A BIG ISLAND LEGEND IS REBORN.
When the Mauna Kea Beach Hotel opened on Hawaii’s Big Island in 1965, it was, at a cost of $15 million, the most expensive resort ever built. The property, set on one of the Hawaiian Islands’ best beaches, had a cultlike following for more than three decades, but the hotel closed in 2006 after sustaining considerable damage in an earthquake. This December, the Mauna Kea will reopen its doors after a renovation that will cost close to $150 million—or 10 times the amount former owner Laurance Rockefeller spent on the original resort.
Central to both the original property and the renovation is the Mauna Kea Golf Course. Rockefeller enlisted Robert Trent Jones Sr. to build the course, which the designer routed over both land and sea—nowhere more spectacularly than on the resort’s oft-photographed, par-3 third hole, where golfers hit their tee shots over the Pacific. Prince Resorts Hawaii, the Mauna Kea’s current owner, hired Jones’ son Rees to refurbish the course, which is also scheduled to reopen in December. Rees is restoring his father’s design to its original appearance, while updating the course’s turf and sand.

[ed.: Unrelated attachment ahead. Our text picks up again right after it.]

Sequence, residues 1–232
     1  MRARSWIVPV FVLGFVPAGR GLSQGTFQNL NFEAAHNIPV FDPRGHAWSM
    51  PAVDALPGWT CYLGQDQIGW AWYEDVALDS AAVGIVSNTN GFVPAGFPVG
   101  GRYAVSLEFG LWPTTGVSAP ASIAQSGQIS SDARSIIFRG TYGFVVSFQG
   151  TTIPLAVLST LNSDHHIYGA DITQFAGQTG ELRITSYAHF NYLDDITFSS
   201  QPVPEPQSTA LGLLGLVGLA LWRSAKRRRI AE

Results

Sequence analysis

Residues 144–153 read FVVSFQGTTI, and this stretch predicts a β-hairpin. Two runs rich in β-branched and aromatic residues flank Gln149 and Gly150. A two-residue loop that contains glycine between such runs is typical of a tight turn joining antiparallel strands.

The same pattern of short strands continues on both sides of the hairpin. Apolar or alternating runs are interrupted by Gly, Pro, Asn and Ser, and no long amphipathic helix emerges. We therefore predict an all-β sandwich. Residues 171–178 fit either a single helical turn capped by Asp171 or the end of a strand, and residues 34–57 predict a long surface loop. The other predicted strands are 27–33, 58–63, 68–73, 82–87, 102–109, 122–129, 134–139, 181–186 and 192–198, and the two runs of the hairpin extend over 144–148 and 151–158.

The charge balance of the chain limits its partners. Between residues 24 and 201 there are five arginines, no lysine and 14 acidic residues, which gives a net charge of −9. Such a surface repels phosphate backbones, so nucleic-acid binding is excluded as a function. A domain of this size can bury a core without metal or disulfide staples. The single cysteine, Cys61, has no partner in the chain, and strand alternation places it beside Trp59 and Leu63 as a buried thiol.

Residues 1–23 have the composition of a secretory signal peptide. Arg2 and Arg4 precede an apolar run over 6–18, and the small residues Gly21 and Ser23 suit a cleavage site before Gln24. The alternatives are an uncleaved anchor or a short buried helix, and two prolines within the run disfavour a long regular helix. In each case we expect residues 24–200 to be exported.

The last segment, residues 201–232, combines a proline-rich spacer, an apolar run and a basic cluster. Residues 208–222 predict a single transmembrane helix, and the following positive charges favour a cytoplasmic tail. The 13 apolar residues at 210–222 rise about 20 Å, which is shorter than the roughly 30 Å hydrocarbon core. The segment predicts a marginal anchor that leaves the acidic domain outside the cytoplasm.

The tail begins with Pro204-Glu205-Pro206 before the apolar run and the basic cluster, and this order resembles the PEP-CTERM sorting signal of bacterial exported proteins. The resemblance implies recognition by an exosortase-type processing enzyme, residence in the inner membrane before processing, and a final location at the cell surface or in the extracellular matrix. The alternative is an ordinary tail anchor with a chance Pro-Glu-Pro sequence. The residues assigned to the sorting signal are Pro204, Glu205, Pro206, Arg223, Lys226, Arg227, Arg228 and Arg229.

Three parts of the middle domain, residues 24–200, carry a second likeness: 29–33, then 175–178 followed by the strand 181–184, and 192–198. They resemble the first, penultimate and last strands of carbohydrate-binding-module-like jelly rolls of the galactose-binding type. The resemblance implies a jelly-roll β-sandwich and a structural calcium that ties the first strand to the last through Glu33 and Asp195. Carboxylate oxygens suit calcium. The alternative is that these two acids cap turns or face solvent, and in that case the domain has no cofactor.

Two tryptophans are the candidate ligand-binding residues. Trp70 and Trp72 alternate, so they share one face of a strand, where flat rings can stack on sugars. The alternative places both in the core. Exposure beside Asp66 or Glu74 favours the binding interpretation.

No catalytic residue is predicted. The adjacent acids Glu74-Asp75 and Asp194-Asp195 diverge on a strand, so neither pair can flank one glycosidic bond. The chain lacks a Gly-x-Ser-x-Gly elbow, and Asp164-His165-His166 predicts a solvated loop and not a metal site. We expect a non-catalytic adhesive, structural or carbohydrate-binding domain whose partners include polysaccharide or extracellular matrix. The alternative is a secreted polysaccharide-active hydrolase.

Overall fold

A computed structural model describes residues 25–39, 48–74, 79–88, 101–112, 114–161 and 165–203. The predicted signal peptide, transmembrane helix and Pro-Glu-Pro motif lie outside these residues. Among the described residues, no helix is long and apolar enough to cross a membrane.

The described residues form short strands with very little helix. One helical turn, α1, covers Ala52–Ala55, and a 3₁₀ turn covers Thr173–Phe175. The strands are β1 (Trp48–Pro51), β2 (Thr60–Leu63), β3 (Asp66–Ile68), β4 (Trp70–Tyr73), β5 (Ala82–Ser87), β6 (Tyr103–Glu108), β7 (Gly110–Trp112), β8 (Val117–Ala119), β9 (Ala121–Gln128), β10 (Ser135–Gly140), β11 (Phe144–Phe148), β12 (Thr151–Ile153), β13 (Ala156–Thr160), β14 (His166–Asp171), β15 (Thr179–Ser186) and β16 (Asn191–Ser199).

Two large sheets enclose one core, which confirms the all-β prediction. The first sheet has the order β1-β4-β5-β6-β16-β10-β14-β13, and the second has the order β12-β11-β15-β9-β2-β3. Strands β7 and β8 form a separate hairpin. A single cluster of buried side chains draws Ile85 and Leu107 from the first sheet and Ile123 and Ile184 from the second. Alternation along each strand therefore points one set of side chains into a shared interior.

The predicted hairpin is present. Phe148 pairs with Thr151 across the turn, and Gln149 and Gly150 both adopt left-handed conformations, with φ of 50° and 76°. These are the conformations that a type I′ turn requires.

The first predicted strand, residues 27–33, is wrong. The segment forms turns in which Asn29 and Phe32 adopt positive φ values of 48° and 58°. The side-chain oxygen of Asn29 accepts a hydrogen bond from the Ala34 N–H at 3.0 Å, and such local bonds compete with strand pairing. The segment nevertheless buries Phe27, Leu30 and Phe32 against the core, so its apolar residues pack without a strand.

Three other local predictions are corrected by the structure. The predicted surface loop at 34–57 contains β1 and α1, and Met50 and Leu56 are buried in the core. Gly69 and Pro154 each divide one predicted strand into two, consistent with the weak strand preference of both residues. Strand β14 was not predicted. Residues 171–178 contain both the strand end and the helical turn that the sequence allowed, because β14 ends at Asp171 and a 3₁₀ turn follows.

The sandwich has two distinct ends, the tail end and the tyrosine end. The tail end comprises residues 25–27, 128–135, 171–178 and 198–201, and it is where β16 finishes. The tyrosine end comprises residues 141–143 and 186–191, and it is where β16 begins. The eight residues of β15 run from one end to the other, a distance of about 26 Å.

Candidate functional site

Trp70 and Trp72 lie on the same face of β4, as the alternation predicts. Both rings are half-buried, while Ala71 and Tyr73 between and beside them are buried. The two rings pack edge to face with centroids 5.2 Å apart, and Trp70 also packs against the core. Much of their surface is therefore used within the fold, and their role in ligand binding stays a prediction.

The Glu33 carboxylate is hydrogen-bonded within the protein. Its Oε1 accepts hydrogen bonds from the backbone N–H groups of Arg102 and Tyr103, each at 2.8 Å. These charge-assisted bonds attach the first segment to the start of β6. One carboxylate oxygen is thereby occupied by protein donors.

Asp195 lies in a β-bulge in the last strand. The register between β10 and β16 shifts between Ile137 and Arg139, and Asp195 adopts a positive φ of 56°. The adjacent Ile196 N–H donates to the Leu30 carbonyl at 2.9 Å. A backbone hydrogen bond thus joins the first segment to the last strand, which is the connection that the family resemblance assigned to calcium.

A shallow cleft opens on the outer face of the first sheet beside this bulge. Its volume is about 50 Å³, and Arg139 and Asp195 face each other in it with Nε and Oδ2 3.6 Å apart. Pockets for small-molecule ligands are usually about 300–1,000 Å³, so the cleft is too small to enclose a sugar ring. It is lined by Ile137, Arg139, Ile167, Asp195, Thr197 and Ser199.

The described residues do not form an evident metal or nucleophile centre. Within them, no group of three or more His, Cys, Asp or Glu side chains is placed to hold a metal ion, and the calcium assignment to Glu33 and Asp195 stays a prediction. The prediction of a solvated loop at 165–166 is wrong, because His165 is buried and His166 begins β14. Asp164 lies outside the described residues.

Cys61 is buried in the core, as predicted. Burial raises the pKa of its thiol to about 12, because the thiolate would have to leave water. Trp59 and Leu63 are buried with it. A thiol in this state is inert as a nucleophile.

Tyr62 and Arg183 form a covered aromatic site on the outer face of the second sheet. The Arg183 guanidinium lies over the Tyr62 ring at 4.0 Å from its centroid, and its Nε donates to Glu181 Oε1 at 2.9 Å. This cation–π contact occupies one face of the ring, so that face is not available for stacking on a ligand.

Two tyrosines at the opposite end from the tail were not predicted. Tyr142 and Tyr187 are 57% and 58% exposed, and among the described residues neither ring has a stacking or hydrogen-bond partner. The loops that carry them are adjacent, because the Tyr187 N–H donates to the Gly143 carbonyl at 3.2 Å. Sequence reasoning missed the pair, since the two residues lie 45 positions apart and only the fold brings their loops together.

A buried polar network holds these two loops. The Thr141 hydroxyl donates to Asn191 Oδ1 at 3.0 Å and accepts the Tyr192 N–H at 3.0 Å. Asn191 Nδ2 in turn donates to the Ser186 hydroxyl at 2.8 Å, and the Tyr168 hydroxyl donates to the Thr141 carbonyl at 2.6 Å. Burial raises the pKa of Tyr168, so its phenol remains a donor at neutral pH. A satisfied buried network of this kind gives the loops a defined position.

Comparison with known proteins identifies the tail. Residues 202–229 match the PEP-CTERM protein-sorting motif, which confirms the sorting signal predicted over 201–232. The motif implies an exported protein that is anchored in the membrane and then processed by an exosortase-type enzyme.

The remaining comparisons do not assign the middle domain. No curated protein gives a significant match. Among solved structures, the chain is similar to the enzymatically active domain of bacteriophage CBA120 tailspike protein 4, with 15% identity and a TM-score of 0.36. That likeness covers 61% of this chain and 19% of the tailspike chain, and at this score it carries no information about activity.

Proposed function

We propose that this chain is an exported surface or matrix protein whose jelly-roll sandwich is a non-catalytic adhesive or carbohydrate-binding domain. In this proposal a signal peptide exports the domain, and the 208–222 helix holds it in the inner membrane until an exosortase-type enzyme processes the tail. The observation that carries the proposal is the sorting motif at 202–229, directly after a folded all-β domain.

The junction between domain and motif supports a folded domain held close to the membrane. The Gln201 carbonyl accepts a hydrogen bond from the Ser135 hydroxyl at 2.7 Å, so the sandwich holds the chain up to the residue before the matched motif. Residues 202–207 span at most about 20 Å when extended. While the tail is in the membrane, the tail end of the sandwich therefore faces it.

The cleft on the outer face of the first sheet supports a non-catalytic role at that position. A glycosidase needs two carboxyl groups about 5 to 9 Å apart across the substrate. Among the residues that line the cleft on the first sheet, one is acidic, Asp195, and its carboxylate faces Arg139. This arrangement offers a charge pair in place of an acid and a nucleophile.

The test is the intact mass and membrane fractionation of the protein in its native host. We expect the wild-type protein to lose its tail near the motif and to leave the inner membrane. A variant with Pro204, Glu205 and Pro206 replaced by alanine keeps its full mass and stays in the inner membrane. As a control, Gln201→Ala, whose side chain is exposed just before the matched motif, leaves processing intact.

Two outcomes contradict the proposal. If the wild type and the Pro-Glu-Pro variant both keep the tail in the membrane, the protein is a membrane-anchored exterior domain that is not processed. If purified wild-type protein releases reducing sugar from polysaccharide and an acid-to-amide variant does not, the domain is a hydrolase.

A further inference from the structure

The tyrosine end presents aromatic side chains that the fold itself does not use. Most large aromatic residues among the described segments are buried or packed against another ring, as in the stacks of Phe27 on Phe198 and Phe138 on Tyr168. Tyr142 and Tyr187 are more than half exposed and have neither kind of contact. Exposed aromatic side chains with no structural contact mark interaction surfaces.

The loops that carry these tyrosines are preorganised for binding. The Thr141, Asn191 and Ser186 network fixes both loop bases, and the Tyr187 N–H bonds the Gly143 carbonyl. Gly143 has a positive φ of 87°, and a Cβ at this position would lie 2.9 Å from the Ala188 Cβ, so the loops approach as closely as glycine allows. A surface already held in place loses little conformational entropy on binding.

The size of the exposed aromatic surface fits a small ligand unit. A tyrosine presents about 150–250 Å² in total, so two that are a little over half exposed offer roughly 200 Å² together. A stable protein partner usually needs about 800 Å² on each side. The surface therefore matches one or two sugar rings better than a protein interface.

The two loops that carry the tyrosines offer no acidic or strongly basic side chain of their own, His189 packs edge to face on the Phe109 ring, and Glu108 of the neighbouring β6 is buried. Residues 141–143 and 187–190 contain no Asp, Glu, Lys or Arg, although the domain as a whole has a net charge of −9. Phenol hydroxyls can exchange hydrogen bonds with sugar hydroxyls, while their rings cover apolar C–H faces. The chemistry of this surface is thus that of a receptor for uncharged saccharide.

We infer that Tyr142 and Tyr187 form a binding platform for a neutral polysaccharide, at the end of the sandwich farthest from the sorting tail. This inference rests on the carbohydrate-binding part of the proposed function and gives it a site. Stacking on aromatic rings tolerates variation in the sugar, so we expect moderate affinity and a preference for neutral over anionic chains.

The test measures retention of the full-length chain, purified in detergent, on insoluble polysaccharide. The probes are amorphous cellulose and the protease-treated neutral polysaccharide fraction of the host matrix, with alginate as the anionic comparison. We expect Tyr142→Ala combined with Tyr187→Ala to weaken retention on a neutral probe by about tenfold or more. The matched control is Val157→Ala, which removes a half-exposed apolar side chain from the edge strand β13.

As for the refurbishment of the hotel, Prince Resorts is expanding the guest rooms and updating the interiors, but the company is leaving the Mauna Kea’s facade—and, presumably, its timeless appeal—intact. —oliver slosser
Mauna Kea Beach Hotel, 877.880.6524, www.princeresortshawaii.com